So far as I could tell, the focus of the MPN section of the meeting was on developing and testing molecules that would interrupt known pathways through which the Janus kinases signaled blood production.   There was some action on other fronts – telomeres, heat shock proteins, some flashy exhibits, some humble presentations of biopsy needles and assay kits.  But no hint of interest in uncovering the effects of myeloproliferative neoplasm on the whole life of an MPN patient.

If it were just this professional meeting, it may not have mattered. But this mechanistic approach to MPN research and treatment extends to hematology practice as well.  

We are partners in our own disappearance

 It is not a lack of compassion on the part of our physicians. Everyone I know personally seems to care deeply about our well-being.  Traditional medical practice continues to largely focus on things, the physical, visible manifestations of disease.  Our spleens and marrow, our symptoms, genetic anomalies and sub-atomic bio-chemical processes are the basis of testing, diagnosis, and therapy.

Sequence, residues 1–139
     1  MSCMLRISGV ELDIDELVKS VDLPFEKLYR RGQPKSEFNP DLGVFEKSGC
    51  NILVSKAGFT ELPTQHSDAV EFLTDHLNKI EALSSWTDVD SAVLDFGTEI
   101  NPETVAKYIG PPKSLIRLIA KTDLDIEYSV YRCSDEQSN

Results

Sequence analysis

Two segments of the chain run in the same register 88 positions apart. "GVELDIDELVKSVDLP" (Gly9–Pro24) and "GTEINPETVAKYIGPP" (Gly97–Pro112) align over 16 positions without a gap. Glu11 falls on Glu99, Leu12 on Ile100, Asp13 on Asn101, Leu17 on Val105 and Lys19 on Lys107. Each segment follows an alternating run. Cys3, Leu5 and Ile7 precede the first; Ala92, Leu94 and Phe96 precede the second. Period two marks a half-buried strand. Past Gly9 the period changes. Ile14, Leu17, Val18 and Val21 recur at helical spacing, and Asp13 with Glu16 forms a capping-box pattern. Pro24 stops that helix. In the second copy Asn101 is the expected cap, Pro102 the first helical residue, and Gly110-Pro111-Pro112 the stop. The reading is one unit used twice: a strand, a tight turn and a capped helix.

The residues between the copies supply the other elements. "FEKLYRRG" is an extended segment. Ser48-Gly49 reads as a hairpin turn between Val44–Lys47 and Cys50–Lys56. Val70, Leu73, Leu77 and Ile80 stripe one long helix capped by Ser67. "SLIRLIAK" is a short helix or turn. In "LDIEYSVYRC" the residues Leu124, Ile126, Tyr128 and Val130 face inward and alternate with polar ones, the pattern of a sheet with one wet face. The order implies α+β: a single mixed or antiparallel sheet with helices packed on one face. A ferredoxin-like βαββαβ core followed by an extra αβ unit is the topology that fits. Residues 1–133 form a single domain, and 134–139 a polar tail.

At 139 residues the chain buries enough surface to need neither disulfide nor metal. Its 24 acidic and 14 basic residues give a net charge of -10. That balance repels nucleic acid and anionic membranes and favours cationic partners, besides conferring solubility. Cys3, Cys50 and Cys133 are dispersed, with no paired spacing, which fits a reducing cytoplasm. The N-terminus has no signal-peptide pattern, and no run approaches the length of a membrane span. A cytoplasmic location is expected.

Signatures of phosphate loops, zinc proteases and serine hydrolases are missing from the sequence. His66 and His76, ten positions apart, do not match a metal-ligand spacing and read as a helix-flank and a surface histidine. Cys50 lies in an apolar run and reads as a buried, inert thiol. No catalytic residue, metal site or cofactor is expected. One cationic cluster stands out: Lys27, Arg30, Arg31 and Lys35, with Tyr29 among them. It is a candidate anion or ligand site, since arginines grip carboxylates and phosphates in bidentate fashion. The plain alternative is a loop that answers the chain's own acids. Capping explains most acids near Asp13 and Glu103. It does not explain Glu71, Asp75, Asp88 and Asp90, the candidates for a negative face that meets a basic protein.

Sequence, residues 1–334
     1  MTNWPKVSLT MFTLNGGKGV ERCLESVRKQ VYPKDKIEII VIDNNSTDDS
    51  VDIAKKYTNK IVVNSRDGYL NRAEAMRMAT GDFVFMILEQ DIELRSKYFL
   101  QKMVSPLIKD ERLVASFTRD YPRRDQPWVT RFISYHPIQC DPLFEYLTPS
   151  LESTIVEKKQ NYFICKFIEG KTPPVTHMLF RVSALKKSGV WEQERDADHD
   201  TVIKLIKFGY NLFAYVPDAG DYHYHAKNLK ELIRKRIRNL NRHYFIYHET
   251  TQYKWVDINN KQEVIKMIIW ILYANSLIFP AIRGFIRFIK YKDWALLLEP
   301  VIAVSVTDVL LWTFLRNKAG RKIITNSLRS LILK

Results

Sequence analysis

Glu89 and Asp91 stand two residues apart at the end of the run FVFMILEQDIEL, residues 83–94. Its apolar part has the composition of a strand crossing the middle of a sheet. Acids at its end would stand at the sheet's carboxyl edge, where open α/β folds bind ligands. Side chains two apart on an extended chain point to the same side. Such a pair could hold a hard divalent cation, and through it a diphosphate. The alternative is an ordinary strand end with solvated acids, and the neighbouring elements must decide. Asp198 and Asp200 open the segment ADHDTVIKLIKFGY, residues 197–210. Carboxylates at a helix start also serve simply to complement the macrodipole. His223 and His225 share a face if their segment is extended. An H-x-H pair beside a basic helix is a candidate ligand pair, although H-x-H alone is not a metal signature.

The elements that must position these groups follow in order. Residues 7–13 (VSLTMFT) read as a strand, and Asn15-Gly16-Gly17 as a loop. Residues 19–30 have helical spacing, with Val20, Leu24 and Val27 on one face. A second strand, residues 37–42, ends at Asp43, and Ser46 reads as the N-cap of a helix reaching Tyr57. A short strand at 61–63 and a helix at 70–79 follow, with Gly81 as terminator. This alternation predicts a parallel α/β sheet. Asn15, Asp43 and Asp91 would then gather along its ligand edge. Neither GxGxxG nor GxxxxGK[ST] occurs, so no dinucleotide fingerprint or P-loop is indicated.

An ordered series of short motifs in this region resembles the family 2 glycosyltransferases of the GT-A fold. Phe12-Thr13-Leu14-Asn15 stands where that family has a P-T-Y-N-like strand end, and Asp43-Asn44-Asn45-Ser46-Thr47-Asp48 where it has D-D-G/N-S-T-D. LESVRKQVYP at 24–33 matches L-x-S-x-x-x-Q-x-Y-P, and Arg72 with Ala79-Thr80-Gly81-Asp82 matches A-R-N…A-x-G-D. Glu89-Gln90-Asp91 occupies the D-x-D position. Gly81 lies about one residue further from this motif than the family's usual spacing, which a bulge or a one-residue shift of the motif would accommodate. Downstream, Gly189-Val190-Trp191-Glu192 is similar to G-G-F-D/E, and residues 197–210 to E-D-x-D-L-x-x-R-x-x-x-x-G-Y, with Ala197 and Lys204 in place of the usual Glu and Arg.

We willingly agree. We need to avoid thrombosis, want swollen spleens reduced, want our symptoms alleviated. Those symptoms are addressed more or less successfully based on the skill and experience of our hematologist. Symptoms, but not us.  It is as if we, as human beings,  have somehow agreed to disappear behind a wall of x-rays, blood film and charts that take on a life apart from our own.  Our primary symptom is not photographable. Our chief complaint cannot be weighed or measured with any accuracy.

We don’t wait for a thrombotic event, 3% blasts or a +2 fibrosis level before initiating treatment for MPNs. Why are we and our doctors willing to wait until we plunge into irremediable despair and exhaustion before starting treatment?

Since blood cancer related fatigue (BCR Fatigue) is a much more likely outcome of an MPN than stroke  – and perhaps the most debilitating MPN manifestation of all — why do we not from  the very beginning enlist professionals on our treatment team?